From a synthetic gaming point of view you can put the few marks difference between all the setups running at 333MHz FSB down to fluctuations. Not until we increase our FSB and memory speed do we see something different.
Benchmarks - Lost Planet: Extreme Condition
Lost Planet: Extreme Condition (DX9)
Version and / or Patch Used: DX9 Demo
Timedemo or Level Used: Built-in Test
Developer Homepage: http://www.capcom.com
Product Homepage: http://www.nzone.com/object/nzone_lostplanet_home.html
Driven to the brink of extinction on ice-covered wastelands, humankind fights to survive. From extreme conditions and insurgent Snow Pirates to hostile gargantuan alien Akrid, all that you can trust are your instincts.
Combining a gripping single player campaign and intense multiplayer modes with support for up to 16 players online, Lost Planet is an epic gaming masterpiece. Enormous world maps unfold as players' battle across vast snow fields and deserted cities either on foot or in armed, robotic Vital Suits.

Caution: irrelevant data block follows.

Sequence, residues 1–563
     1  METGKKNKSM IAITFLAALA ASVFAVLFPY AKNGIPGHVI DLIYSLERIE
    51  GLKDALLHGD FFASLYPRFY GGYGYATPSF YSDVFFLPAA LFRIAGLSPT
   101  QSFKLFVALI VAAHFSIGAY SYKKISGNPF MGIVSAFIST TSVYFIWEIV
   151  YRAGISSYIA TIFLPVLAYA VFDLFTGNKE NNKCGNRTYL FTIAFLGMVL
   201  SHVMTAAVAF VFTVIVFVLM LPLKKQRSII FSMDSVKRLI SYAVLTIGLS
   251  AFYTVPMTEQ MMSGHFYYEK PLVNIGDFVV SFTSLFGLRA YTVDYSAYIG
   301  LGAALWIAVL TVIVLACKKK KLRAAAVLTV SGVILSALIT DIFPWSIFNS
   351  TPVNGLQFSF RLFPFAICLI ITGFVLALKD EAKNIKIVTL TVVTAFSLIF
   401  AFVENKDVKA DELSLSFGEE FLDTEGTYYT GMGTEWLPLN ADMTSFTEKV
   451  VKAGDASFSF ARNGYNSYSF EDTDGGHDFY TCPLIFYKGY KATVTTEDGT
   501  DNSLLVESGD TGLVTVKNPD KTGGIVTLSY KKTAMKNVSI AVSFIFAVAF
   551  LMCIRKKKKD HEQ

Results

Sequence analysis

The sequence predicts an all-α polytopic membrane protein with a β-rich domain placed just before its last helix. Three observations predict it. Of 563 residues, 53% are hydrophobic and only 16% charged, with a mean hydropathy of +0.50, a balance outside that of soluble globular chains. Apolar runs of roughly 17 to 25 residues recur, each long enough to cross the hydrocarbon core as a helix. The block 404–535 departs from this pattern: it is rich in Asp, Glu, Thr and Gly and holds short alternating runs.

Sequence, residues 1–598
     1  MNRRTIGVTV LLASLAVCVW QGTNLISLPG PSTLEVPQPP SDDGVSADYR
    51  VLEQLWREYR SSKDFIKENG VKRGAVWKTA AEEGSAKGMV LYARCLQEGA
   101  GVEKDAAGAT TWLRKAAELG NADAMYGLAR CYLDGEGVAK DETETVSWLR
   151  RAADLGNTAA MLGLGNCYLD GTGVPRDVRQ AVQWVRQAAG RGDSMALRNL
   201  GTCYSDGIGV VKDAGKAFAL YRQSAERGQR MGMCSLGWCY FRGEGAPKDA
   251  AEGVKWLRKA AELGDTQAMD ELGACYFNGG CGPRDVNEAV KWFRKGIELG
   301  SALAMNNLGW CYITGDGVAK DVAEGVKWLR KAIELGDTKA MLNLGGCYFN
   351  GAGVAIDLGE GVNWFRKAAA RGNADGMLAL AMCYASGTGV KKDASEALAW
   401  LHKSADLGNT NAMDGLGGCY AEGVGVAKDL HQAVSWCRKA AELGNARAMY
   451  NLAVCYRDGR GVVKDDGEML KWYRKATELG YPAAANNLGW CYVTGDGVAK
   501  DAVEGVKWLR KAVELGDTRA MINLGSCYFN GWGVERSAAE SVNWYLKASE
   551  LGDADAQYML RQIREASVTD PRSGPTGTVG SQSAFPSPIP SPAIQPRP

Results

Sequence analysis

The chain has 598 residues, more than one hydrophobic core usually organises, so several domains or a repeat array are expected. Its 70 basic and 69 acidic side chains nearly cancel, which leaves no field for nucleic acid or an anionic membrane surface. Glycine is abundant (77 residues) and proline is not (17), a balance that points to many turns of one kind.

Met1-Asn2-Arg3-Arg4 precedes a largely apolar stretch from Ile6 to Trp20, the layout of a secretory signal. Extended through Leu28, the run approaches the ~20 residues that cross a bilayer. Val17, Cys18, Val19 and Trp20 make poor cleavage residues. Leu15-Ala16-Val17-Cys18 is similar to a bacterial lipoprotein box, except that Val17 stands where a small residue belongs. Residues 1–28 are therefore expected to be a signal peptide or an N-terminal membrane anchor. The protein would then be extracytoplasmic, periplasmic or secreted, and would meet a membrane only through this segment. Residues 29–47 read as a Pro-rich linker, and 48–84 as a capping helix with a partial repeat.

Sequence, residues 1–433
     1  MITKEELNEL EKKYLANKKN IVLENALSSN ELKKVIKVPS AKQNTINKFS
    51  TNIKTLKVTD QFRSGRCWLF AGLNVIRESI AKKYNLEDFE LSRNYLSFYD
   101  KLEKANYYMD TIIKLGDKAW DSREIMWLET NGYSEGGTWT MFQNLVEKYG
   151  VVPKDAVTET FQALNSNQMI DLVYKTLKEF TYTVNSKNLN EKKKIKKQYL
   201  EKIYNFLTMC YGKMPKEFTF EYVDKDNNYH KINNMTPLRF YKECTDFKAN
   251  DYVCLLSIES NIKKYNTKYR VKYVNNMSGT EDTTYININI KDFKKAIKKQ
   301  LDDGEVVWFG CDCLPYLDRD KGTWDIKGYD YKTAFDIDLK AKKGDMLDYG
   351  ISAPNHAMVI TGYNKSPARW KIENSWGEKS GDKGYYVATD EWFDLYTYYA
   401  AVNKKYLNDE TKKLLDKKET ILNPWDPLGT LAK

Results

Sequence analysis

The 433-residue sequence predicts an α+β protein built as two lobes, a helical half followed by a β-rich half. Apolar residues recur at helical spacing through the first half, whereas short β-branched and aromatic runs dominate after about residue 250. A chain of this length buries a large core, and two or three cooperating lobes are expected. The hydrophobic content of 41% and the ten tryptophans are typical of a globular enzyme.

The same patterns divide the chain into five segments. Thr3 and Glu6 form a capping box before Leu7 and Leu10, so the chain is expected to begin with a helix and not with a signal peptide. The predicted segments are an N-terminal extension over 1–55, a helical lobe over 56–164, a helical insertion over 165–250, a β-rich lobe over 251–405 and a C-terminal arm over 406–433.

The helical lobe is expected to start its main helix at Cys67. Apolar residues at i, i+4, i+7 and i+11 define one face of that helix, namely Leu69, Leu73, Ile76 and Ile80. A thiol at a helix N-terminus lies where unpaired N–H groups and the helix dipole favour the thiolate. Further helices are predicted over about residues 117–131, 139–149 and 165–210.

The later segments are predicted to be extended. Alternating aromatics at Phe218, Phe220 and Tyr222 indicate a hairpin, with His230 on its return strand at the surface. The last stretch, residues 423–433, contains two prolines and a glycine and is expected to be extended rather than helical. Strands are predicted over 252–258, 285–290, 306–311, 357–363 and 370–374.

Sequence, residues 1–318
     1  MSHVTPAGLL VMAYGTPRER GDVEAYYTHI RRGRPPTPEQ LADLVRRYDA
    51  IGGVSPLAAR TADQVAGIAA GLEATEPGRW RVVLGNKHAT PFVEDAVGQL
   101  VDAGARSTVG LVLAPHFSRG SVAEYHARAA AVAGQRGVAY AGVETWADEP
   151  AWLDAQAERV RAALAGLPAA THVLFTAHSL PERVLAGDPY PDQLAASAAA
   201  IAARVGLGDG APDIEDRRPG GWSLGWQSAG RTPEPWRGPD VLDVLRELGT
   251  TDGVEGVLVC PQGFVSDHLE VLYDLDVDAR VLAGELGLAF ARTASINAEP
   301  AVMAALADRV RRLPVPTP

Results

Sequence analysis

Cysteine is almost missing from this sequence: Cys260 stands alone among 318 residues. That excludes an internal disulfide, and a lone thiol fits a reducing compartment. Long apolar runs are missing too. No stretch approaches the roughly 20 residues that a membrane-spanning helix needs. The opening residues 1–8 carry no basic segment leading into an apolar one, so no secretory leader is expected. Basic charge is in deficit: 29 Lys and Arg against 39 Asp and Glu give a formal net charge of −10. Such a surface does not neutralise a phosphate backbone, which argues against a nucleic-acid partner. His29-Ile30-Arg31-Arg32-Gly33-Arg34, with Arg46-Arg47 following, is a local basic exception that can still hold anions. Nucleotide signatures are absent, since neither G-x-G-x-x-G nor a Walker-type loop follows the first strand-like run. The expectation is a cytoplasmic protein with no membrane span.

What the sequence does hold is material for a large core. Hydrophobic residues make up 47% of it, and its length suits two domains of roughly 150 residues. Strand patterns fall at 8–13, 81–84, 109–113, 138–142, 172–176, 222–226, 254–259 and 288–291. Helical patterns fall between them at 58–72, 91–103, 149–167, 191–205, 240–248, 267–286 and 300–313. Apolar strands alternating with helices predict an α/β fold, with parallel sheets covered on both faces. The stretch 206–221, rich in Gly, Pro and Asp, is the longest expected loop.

It is humorous when you see something like this, really what can you say? (Not a graph error).
When we move to the Cave test we see that the jump from 800MHz to 1066MHz gives us a bump in performance, it is not until we raise the FSB and let the memory follow that we see a difference that again equates to 10%.
It feels like the release of DDR-3 might be too early to market, it still feels like only yesterday that DDR-2 had finally concreted its self into the ground as a serious performance memory option and that you did not need CAS 2 to be fast.